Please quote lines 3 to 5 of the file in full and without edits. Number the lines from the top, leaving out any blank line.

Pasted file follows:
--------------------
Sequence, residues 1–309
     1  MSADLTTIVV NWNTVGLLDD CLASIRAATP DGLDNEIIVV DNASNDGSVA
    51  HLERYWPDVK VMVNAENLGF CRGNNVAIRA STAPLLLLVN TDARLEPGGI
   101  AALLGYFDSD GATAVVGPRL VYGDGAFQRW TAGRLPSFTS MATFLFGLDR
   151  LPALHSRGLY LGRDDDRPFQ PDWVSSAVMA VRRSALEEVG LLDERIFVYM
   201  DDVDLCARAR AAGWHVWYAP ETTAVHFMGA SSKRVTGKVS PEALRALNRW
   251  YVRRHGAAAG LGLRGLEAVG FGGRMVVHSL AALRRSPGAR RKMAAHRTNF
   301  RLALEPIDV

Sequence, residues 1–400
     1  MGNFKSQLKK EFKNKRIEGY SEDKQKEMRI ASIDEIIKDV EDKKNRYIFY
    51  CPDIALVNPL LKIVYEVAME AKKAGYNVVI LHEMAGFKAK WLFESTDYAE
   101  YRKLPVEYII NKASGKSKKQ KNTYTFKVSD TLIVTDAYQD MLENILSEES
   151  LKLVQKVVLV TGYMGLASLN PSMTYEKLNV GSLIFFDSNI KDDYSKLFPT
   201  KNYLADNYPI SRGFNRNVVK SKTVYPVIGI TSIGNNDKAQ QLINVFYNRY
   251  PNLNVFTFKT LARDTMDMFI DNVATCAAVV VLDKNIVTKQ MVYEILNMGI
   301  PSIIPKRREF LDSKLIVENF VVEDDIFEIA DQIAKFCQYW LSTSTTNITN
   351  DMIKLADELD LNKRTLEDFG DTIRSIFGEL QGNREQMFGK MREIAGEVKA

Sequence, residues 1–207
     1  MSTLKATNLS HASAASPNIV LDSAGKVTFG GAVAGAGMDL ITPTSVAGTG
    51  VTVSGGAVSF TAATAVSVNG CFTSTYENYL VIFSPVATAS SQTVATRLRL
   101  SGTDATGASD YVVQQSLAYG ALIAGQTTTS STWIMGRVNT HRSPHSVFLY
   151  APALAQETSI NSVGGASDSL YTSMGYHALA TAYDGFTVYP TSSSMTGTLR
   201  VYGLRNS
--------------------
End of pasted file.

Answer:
    51  HLERYWPDVK VMVNAENLGF CRGNNVAIRA STAPLLLLVN TDARLEPGGI
   101  AALLGYFDSD GATAVVGPRL VYGDGAFQRW TAGRLPSFTS MATFLFGLDR
   151  LPALHSRGLY LGRDDDRPFQ PDWVSSAVMA VRRSALEEVG LLDERIFVYM